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Strategies to meet your financial goals

Close your eyes and visualize your dream vacation or the shiny new car that you’ve always dreamed of having. Sure, looks great. Unfortunately, for many of us, dreaming never gets to the planning stage. With a little planning and discipline the likelihood of achieving our goals can be dramatically improved. Consider implementing one, if not all, of the strategies listed below to improve your financial picture.

n Write down your financial goals and objectives and include deadlines. Monitor your progress toward your goals. This will help you stay focused.

n Use credit cards as little as possible. Financing your lifestyle with credit cards is a trap. Reach for your checkbook instead.

n Pay off your credit cards each month. With the new minimum payment requirements of around 4 percent, consumers will get out of debt quicker. For example, on a $2,000 credit card bill at 18 percent interest, paying the former 2 percent minimum will still leave you paying 30 years from now.

The interest will cost you over $5,000 on the $2,000 charge. By making the new 4 percent minimum payment, you will finish up in about 10 years and the interest will be roughly $1,100. As a very wise man once told me, “you don’t create wealth by paying interest to someone else, you create wealth by earning interest.”

n Spend a little, but save a little more. As your debts are paid off, save the “extra” cash each month. This is an expansion of the “pay yourself first” idea. Many people are tempted to overspend that “extra” cash.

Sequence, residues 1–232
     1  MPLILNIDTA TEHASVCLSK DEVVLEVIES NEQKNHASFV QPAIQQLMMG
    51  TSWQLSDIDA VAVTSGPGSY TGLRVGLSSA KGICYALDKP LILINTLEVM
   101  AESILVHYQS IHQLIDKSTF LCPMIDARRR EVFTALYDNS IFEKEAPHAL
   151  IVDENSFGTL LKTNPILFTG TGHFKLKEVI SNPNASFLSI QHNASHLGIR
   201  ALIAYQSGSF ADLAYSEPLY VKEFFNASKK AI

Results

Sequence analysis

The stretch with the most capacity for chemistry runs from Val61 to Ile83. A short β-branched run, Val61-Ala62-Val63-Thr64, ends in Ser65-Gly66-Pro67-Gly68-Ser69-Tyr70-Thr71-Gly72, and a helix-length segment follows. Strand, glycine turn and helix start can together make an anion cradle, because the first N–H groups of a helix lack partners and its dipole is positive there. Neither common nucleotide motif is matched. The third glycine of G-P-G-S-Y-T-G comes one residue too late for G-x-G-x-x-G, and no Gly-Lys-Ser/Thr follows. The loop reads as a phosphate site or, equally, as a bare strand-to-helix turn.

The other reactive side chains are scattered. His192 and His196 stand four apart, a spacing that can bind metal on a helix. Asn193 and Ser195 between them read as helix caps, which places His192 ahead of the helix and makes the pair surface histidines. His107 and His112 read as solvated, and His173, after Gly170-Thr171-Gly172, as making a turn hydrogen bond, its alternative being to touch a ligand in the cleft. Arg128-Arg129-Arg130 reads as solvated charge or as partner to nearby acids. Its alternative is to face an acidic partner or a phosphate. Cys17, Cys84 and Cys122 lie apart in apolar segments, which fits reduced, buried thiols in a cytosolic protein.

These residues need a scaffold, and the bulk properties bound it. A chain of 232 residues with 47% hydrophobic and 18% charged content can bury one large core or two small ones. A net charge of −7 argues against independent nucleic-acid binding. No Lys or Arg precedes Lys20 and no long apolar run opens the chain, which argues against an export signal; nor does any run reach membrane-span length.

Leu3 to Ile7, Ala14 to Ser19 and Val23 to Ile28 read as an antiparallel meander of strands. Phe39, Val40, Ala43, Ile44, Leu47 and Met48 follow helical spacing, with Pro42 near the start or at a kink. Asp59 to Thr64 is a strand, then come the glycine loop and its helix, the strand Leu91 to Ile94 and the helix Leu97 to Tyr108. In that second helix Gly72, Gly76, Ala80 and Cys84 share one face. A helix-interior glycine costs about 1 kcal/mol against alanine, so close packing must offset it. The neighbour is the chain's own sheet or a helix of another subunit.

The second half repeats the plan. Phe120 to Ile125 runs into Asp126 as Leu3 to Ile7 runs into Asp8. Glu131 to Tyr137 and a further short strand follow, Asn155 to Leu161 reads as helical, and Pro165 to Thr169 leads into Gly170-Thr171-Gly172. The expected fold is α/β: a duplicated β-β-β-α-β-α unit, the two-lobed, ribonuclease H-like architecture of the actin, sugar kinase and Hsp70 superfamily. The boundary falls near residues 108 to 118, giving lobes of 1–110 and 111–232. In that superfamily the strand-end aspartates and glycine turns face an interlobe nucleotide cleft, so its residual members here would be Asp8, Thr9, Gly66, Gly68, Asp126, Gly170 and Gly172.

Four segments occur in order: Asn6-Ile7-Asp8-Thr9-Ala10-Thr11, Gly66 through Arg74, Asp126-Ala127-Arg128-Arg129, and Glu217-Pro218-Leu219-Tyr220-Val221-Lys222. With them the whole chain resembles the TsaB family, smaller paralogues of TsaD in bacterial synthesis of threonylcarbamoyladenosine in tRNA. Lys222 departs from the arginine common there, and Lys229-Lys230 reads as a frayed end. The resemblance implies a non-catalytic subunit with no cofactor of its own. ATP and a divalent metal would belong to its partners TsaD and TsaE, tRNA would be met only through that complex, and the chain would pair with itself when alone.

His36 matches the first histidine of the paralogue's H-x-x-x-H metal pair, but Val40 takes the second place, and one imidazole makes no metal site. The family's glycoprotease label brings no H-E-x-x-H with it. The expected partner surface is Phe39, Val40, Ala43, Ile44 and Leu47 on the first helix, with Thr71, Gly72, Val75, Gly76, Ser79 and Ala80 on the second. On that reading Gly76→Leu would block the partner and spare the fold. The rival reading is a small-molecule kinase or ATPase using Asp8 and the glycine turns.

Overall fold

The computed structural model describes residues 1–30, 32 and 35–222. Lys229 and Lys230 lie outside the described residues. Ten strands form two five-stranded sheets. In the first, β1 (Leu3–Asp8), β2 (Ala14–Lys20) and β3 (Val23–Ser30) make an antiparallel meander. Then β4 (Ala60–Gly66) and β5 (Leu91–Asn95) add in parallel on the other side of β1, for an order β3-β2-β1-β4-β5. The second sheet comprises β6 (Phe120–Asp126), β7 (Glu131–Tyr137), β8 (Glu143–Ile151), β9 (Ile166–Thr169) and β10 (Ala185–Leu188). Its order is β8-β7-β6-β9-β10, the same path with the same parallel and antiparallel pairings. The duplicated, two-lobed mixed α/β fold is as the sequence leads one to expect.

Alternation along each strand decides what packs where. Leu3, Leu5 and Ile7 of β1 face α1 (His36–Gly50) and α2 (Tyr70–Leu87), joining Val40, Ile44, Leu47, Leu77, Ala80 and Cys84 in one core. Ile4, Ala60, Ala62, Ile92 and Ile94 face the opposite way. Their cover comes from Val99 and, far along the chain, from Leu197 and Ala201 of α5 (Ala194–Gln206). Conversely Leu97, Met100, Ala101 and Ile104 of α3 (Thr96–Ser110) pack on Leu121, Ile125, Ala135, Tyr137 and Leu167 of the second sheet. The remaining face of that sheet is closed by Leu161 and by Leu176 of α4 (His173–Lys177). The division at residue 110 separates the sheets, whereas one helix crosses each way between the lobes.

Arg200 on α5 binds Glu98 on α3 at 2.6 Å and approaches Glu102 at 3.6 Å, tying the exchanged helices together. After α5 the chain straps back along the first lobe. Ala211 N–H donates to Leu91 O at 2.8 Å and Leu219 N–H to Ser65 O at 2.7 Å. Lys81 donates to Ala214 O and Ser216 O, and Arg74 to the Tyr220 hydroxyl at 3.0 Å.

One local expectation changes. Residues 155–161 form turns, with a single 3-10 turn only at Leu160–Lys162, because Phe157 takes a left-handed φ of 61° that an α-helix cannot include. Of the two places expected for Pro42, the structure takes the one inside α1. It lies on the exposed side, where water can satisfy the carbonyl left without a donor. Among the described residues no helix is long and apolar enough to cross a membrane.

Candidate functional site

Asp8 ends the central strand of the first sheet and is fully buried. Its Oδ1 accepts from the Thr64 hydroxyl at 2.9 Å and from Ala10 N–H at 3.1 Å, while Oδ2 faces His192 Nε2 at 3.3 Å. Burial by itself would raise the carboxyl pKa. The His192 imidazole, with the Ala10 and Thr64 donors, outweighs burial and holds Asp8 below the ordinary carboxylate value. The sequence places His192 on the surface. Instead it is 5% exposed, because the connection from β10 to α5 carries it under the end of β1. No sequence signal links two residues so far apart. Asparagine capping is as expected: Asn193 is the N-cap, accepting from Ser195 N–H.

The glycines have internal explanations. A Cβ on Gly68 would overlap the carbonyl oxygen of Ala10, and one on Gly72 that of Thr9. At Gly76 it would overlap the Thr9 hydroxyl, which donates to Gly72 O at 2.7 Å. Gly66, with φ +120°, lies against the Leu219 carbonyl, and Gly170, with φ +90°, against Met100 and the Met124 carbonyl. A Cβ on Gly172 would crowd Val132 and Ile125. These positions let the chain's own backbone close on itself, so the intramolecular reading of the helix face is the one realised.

n Keep a cash balance of at least six months of living expenses. This cash cushion can be used when emergencies do arise instead of charging on credit cards or trying to sell assets.

n Map out a college savings plan and begin funding as early as possible.

n Manage taxes early in the year and look for deductions, credits and deferral of income to reduce your tax bill. The tax savings can be used for other goals.

Go for steady, consistent, long-term growth in your investment. By the time you read about a “hot tip” it’s usually cold.

n Protect your valuables and income earning potential with appropriate insurance policies including mortgage, life, and disability policies.

n Invest for retirement. At best, Social Security will cover only a fraction of the money you will need for retirement. Talk to your financial adviser about preparing for a comfortable retirement.

n Create an estate plan. Many people think you must be super wealthy to do estate planning, which is not true. Avoiding probate and passing assets to heirs estate tax free, are the main goals.

Your financial adviser, CPA and attorney will be able to assist in reaching all of these goals. As the saying goes, “those that fail to plan, plan to fail.” It’s never too late to begin taking a look at your financial picture and get on board with a real plan for you and your family’s future.

Michael T. Ohlman, a certified financial planner and senior vice president of financial planning and wealth management specialist in the Bradenton office of Raymond James and Associates, Inc., can be reached at (941) 907-0168.

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